De­spite warn­ings, ex­tremely dan­ger­ous air bags not re­paired 300,000 Hon­das ef­fected

Kuwait Times - - TECHNOLOGY -

Own­ers of more than 300,000 Hon­das have yet to get their air bags re­paired, de­spite warn­ings from the au­tomaker and reg­u­la­tors that the in­fla­tors have an ex­tremely high chance of rup­tur­ing and caus­ing in­jury or even death.

Last week au­thor­i­ties said one of those air bags, equipped with an in­fla­tor made by Takata Corp., rup­tured and killed a Cal­i­for­nia woman, adding ur­gency to the search for the non­com­pli­ant ve­hi­cles.

About 69 mil­lion Takata in­fla­tors have been re­called due to pos­si­ble rup­ture. In June, gov­ern­ment reg­u­la­tors said test­ing showed that in­fla­tors in 313,000 older Hon­das and Acuras had as high as a 50 per­cent chance of rup­tur­ing in a crash. The reg­u­la­tors told own­ers of the cars to stop driv­ing them and get them re­paired. But four months later, only 13,000 of the cars have been re­paired. Takata uses am­mo­nium ni­trate to cre­ate an ex­plo­sion to in­flate air bags. But the chem­i­cal can de­te­ri­o­rate when ex­posed to heat and hu­mid­ity and blow apart a metal can­is­ter, spew­ing shrap­nel. The in­fla­tors have killed as many as 16 peo­ple world­wide and in­jured more than 100. The death of the Cal­i­for­nia woman, Delia Robles, was the 11th tied to Takata in­fla­tors in the US.

Honda tries it’s best

Honda says it has mailed let­ters, placed Face­book ads, made tele­phone calls, and in some in­stances has vis­ited own­ers. But the re­sults point out that ma­jor holes re­main in the US safety re­call sys­tem be­cause own­ers can be hard to find, par­tic­u­larly when it comes to used cars that have changed hands mul­ti­ple times. And some own­ers refuse to get re­pairs done no mat­ter how many times they are no­ti­fied.

Safety ad­vo­cates have called for laws ban­ning the sale of any ve­hi­cle un­til re­call re­pairs are made, or a na­tional re­quire­ment that re­calls be done be­fore li­cense plates can be re­newed. But so far, there are few such re­quire­ments.

Sen. Bill Nel­son, D-Florida, says Honda should do more. “No re­spon­si­ble au­tomaker should be so slow in re­pair­ing de­fec­tive ve­hi­cles where there’s up to a 50 per­cent chance a driver could be killed or se­ri­ously in­jured if an air bag de­ploys,” he said in a state­ment last week.

But Honda says it’s do­ing all it can. “It’s not for lack of un­prece­dented ef­fort to try to reach these own­ers,” com­pany spokesman Chris Martin said. Honda will pick up cars and drop off a loaner, says Martin, who adds that Honda has parts ready to re­pair all the dan­ger­ous cars.

Karl Brauer, ex­ec­u­tive pub­lisher of Au­to­, says it’s hard for au­tomak­ers to find own­ers of low-cost cars that are 10 or 15 years old, be­cause many own­ers are young and move fre­quently or are im­mi­grants who may have lan­guage bar­ri­ers. Many cars have had four or more own­ers, mak­ing them harder to find. But be­cause these cars are so dan­ger­ous, Brauer says it’s time to ei­ther go to every­one’s home or take all 300,000 off the road.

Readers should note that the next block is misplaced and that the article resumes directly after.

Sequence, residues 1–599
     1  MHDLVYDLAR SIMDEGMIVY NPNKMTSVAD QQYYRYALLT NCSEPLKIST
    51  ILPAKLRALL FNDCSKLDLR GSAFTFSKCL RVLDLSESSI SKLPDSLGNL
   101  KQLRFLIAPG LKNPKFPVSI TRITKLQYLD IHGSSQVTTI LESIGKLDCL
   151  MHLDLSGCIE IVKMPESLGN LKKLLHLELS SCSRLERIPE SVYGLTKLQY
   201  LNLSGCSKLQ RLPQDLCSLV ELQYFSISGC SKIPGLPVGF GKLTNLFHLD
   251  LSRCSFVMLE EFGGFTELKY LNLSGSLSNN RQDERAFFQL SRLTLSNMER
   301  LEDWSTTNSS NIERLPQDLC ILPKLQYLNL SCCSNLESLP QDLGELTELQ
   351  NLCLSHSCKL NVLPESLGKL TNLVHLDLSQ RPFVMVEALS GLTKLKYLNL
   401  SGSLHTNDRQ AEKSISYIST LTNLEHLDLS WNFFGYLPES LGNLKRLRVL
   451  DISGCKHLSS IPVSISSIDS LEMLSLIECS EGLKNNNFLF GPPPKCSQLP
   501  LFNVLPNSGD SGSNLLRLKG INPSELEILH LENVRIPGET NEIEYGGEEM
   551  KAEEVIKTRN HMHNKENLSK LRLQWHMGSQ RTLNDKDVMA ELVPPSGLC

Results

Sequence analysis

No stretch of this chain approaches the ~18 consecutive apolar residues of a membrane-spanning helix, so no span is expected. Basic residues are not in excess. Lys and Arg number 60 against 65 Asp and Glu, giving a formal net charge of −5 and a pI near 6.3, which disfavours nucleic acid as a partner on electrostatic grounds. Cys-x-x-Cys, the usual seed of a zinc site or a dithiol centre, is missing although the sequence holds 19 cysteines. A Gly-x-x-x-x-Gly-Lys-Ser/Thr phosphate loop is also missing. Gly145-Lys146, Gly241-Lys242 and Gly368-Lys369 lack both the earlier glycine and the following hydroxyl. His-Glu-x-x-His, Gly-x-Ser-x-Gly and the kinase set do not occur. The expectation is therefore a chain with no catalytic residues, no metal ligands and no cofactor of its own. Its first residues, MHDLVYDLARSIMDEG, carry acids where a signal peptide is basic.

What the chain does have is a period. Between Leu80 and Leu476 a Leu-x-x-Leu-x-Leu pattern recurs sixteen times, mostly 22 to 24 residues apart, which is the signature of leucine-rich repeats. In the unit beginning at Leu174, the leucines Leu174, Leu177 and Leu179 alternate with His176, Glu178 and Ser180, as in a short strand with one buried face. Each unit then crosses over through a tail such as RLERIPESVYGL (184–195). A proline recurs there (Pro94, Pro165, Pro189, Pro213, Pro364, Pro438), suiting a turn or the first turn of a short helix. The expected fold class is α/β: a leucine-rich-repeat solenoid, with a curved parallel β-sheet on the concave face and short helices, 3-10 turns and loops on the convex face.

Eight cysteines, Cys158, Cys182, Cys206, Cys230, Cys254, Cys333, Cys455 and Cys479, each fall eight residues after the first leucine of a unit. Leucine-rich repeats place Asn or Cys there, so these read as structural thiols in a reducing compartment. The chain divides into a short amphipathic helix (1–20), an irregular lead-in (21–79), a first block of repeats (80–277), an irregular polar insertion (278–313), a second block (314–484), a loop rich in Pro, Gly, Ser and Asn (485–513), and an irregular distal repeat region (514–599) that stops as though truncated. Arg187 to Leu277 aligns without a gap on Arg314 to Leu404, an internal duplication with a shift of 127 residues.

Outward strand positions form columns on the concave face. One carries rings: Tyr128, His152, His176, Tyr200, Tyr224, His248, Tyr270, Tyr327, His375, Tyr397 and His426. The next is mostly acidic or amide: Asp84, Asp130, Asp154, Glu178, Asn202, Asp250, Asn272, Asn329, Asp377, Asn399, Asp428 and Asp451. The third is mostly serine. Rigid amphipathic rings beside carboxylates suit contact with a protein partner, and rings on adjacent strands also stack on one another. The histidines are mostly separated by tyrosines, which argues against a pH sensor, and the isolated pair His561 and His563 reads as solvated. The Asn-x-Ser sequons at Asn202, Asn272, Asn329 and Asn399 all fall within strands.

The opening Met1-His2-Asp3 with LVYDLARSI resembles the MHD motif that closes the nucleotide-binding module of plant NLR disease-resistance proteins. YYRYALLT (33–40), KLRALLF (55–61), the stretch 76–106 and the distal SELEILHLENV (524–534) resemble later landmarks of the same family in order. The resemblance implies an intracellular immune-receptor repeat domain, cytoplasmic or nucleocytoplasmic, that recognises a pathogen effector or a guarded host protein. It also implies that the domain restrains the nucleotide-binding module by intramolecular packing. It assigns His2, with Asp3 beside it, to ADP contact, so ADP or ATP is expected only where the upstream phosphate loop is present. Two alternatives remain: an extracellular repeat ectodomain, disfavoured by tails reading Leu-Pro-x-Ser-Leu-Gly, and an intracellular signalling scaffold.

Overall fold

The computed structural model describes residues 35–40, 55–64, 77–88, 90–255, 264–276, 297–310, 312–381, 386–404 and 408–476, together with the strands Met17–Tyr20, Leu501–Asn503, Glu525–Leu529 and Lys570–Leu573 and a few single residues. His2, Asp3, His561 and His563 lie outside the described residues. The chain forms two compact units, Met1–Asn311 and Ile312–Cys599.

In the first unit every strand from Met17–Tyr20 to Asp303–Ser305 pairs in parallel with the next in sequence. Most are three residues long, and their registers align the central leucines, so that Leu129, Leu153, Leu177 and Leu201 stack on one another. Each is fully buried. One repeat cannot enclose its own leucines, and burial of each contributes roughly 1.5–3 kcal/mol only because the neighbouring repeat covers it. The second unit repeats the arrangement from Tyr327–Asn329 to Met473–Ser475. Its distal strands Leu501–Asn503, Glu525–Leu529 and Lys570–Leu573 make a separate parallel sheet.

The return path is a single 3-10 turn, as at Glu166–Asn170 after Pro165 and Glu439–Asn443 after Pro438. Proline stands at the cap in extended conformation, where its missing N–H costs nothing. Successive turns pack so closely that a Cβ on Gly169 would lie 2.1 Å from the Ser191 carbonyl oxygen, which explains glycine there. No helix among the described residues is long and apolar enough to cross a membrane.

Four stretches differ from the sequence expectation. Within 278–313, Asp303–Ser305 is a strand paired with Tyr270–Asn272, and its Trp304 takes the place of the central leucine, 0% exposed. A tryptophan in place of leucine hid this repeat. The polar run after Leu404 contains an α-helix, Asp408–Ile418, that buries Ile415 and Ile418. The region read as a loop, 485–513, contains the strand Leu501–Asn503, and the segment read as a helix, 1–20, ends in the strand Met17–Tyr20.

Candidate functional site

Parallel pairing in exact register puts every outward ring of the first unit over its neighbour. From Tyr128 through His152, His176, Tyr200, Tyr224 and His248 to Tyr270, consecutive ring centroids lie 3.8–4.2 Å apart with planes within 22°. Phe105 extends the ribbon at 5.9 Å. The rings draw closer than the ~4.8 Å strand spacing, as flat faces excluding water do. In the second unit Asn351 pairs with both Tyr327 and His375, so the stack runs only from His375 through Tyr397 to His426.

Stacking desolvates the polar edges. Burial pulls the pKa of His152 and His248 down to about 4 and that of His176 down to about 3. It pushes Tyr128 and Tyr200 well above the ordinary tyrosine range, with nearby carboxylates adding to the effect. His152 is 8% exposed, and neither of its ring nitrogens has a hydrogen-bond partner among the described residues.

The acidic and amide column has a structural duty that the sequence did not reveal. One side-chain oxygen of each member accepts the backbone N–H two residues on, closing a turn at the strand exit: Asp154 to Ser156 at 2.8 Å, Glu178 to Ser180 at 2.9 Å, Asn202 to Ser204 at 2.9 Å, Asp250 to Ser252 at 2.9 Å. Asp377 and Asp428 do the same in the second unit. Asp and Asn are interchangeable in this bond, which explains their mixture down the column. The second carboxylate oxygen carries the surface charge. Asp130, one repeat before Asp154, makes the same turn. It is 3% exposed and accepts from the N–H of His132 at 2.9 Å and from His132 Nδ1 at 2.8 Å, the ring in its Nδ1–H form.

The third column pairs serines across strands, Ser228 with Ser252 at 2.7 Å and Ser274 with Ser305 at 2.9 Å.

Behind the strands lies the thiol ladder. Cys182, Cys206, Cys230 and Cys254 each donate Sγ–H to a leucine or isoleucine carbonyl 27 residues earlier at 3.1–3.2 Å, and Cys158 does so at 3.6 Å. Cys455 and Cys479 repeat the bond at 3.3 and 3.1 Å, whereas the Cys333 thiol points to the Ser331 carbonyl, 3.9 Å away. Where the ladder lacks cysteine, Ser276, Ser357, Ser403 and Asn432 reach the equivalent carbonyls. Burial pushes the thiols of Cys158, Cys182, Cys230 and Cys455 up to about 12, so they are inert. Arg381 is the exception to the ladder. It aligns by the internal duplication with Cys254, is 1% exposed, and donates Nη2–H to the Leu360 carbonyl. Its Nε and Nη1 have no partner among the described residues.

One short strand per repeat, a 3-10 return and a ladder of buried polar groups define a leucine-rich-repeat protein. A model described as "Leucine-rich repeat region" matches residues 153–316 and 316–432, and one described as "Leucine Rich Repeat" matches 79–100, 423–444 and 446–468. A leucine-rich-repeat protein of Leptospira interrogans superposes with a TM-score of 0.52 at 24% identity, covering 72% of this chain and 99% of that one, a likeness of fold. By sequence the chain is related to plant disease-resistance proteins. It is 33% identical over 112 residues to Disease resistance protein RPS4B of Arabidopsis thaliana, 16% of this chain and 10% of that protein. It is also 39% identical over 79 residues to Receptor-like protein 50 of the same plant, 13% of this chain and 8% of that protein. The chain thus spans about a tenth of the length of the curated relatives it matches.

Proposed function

NHTSA doesn’t have le­gal author­ity to or­der those steps, spokesman Bryan Thomas said. The agency knows that tra­di­tional ways of con­tact­ing own­ers haven’t been suc­cess­ful, and it’s work­ing with Honda on new meth­ods, he said with­out of­fer­ing specifics. NHTSA is seek­ing a rule re­quir­ing au­tomak­ers to no­tify own­ers by e-mail and text mes­sage, mea­sure that some au­tomak­ers al­ready take vol­un­tar­ily.

Thomas said Honda has told the agency that many of the 300,000 cars have been scrapped, but the agency wants proof. Robles, 50, of Corona, Cal­i­for­nia, was killed Sept. 30 when her 2001 Honda Civic was hit head-on by a left-turn­ing pickup truck as she was on her way to get a flu shot. Honda’s Martin says she bought the car in mid-2015, likely from a small used-car dealer who pur­chased it two weeks ear­lier at an auc­tion, which only deal­ers nor­mally at­tend. While most au­tomak­ers re­quire new-car deal­ers to fix used cars sub­ject to a re­call, in­de­pen­dent deal­ers don’t have to.

Honda mailed Robles mul­ti­ple no­tices us­ing an ad­dress from Cal­i­for­nia reg­is­tra­tion data, Martin says. The car was first re­called in 2008, and since then, Honda has sent the four reg­is­tered own­ers 20 let­ters, he says. There’s no way for Honda to ver­ify if Robles re­ceived the let­ters. Her son, Jose Con­tr­eras, said Fri­day that she never men­tioned them to him. Martin says it’s not prac­ti­cal for Honda to visit all the own­ers with su­per­dan­ger­ous in­fla­tors. But he and other Honda em­ploy­ees have gone to some homes.

Last sum­mer in Tor­rance, Cal­i­for­nia, Martin spot­ted a 2002 Acura TL with a dan­ger­ous air bag parked on a city street. He left busi­ness cards and even a per­sonal let­ter on the wind­shield, but heard noth­ing. So he went to the owner’s nearby home. She didn’t speak English well and had her son speak to Martin. They set up an ap­point­ment for later this week to get the in­fla­tor re­placed. — AP

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